Methicillin-Resistant Staphylococcus Aureus Endophthalmitis: Wake-up Call for the Ophthalmologist
Although still relatively rare, the incidence of Methicillin Resistant Staph Aureus (MRSA) eye infections is increasing and can be a horrifying experience for both the patient and surgeon when it occurs. This is a report of a patient who developed a fulminating endophthalmitis from a community acquired MRSA one week after cataract surgery, making me review my protocol and the literature to reduce the risk of future occurrences.
1) Identification of patients with risk factors: i.e. immuno-compromised from long-standing diabetes, chemotherapy, liver disease, HIV, and residents of long term facilities. 2) Use of a pre-op bacteriostatic or bactericidal agent that is effective against MRSA, i.e. trimethoprim since MRSA is becoming resistant to fourth generation fluroquinolones. 3) Suture clear corneal incisions in high risk patients.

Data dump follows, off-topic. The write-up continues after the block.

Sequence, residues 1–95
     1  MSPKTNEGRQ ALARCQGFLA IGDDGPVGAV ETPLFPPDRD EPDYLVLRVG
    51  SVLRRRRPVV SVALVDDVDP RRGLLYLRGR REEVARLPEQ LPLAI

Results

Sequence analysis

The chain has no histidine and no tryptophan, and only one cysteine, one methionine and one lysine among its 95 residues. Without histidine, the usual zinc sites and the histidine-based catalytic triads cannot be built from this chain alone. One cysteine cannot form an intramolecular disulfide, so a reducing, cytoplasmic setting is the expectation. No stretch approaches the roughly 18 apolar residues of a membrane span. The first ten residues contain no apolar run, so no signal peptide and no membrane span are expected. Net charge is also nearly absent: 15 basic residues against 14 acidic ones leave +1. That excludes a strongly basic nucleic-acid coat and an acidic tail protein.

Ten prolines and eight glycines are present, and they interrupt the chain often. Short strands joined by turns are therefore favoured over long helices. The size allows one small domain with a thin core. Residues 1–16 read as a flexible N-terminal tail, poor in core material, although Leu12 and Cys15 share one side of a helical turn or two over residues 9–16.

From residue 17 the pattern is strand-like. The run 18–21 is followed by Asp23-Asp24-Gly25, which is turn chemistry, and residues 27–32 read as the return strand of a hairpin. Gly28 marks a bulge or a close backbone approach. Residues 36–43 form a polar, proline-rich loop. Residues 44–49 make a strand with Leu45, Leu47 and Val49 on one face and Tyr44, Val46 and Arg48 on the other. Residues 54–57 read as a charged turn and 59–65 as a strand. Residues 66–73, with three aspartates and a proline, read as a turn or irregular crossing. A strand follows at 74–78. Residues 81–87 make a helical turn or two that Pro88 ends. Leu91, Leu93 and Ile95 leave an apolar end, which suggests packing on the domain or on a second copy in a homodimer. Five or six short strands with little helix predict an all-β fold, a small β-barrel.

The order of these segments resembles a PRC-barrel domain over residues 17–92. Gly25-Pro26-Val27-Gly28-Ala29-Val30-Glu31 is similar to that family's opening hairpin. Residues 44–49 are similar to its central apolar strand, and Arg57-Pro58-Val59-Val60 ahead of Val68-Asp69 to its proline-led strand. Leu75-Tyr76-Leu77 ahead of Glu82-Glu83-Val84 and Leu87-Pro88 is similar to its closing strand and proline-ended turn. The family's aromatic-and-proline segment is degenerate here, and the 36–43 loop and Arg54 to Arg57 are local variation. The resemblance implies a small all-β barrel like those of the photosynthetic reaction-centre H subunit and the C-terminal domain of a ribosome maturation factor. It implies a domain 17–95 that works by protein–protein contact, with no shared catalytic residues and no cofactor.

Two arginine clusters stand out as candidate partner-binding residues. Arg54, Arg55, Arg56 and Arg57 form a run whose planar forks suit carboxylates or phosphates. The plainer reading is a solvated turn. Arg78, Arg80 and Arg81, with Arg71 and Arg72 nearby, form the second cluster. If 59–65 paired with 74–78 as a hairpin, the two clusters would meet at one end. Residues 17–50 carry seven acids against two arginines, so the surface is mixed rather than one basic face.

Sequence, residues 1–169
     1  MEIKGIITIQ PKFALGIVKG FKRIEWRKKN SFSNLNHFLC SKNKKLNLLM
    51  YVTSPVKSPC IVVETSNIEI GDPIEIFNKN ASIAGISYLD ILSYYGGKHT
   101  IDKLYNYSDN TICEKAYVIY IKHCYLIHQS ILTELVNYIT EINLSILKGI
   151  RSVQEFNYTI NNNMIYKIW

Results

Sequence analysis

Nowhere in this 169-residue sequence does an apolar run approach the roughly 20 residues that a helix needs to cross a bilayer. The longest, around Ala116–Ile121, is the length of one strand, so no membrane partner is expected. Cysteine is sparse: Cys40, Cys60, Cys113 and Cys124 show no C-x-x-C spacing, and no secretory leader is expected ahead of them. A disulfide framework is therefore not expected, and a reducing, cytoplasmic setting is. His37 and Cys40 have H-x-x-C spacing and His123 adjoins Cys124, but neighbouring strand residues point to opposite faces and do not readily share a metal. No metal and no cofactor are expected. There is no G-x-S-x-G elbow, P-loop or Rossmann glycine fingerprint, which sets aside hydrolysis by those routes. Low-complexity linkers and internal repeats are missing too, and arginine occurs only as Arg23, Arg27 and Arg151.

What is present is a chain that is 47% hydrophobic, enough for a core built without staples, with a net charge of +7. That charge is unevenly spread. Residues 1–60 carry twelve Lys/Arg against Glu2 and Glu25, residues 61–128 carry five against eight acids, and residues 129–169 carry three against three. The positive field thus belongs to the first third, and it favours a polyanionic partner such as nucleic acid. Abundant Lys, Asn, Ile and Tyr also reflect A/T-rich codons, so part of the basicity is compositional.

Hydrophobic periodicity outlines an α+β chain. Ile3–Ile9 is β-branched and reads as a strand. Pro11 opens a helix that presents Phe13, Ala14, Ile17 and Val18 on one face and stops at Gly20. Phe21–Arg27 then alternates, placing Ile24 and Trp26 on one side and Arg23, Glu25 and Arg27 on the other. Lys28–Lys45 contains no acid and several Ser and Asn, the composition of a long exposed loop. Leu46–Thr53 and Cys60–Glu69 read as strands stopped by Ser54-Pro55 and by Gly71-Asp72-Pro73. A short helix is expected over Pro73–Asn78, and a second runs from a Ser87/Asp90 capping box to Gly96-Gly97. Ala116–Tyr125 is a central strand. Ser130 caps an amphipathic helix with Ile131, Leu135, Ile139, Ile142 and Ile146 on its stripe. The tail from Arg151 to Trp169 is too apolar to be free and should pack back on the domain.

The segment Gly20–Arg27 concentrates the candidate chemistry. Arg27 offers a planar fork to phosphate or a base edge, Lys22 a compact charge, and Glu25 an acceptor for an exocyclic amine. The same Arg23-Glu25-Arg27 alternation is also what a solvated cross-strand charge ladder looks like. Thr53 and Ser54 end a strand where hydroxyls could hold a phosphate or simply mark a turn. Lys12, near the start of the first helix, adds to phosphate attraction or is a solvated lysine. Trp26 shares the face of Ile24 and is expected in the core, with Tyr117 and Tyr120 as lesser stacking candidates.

MRSA isolates are extremely virulent. Even though the current incidence of MRSA endophthalmitis is relatively low, adherence to the above protocol should lower it in high risk patients.
MRSA endophthalmitis is extremely destructive and can no longer be considered a rarity Fourth generation fluroquinolones are losing their effect on MRSA. Trimethoprim is an effective defense against MRSA.